In re Ilyssa G.

Connecticut Appellate Court

December 18, 2007

Termination of Parental Rights 

The threshold for opening a default judgment in a termination of parental rights case is a steep one which requires the satisfaction of a two part test. Not only does the movant need to show that (1) a good defense existed at the time the judgment was rendered, but also (2) that the movant was prevented from making that defense because of “mistake, accident, or other reasonable cause.” Unfortunately for the petitioning father in Ilyssa G., he was unable meet either prong of the two-part test, and the appellate court thus affirmed the termination of his parental rights in this short case.

The crux of this case emanated from the Department of Children Families’ (“Department”) removal of Ilyssa (then six) and her three siblings from her mother’s care in October 2003. She and her sisters resided in foster care until May 2006 when the Department placed her and her sisters in a preadoptive foster home. After an unsuccessful attempt to reunify the child with her mother, the Department sought termination of parental rights – and the respondent father was served by certified mail at his last known address in Georgia, as well as by publication. At the plea hearing in April 2006, the trial court defaulted the father, and on May 30, 2006, the court granted the Department’s petition to terminate his parental rights.1 In August 2006, the father sent a letter to the court requesting an opportunity to regain his parental rights. Acting on that letter, the court directed his counsel to file a motion to open the judgment, which was heard and denied on October 17, 2006.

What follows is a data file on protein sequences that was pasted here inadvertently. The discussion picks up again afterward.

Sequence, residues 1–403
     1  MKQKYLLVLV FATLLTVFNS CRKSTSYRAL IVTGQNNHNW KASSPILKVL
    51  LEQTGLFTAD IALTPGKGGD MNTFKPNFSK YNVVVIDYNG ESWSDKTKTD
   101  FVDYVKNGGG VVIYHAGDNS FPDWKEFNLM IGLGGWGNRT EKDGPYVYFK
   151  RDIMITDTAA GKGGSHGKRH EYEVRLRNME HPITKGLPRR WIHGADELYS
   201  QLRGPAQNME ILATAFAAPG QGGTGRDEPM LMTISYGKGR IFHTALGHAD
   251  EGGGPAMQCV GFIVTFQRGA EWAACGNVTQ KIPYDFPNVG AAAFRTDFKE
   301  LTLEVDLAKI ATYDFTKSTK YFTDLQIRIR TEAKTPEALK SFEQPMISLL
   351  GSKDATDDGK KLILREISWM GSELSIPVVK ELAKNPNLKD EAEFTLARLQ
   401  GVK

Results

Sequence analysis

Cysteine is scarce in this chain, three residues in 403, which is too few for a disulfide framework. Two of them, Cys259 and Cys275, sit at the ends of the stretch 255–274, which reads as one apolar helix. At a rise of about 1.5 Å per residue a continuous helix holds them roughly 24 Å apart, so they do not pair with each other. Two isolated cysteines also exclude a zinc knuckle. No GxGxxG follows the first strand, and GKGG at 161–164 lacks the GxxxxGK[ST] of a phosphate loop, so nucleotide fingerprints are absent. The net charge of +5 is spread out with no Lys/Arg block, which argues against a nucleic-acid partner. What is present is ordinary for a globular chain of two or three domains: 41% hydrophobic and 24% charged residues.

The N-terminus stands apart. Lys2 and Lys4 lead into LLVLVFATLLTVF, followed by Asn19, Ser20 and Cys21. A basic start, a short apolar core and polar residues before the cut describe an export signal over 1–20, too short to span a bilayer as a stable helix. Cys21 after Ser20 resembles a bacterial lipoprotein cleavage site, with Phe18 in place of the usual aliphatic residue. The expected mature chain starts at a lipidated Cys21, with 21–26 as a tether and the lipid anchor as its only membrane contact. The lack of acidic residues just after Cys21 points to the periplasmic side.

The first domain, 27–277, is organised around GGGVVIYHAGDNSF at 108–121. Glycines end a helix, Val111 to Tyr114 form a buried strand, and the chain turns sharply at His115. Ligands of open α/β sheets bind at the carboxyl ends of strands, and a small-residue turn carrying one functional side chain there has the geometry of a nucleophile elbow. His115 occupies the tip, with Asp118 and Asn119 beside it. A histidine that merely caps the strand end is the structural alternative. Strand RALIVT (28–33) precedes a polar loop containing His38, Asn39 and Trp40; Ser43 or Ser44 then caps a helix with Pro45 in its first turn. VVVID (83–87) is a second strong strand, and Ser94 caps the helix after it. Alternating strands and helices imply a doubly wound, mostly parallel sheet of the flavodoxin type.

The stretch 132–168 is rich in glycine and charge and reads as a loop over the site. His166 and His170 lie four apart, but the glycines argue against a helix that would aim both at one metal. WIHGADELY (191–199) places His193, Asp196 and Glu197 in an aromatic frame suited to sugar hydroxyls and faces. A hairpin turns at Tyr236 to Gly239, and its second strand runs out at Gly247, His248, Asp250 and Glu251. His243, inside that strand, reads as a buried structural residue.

The appellate court, reviewing the aforementioned two-part test used to open a default judgment elicited from Pantlin & Chananie Development Corp. v. Hartford Cement & Building Supply Co, 196 Conn. 233, 235 (1985), determined that the respondent father met neither prong. The two grounds stated for termination – abandonment and the lack of ongoing parent-child relationship, were not challenged by the respondent at the hearing in October 2006, and furthermore, he did not present a legitimate reason for his failure to appear at either the plea hearing or the termination trial. The evidence indicated that the father had not seen his child (who was nine at the time of the hearing) since she was one year old and that it was his fault for being absent from her life for eight years. He only visited her one time after her removal from her mother’s home, that occurring in 2004, along with calling a residential care facility where Ilyssa for a time while in the Department’s custody. His argument that he was never notified for the termination trial was rebuffed by the fact that he never notified the court, the department or his attorney that he moved, and as a result notice was sent to his last known address. Regardless of whether it was intentional or negligent, the father’s failure to keep the court, the department or his attorney informed of his whereabouts was not enough to satisfy the second prong of the test. Thus, the court affirmed the trial court’s denial of the motion to open the default judgment.

1. Ilyssa’s mother’s rights had been terminated by consent.

This case may be accessed by going to the Judicial Branch website athttp://www.jud.state.ct.us/external/supapp/Cases/AROap/AP105/105ap63.pdf

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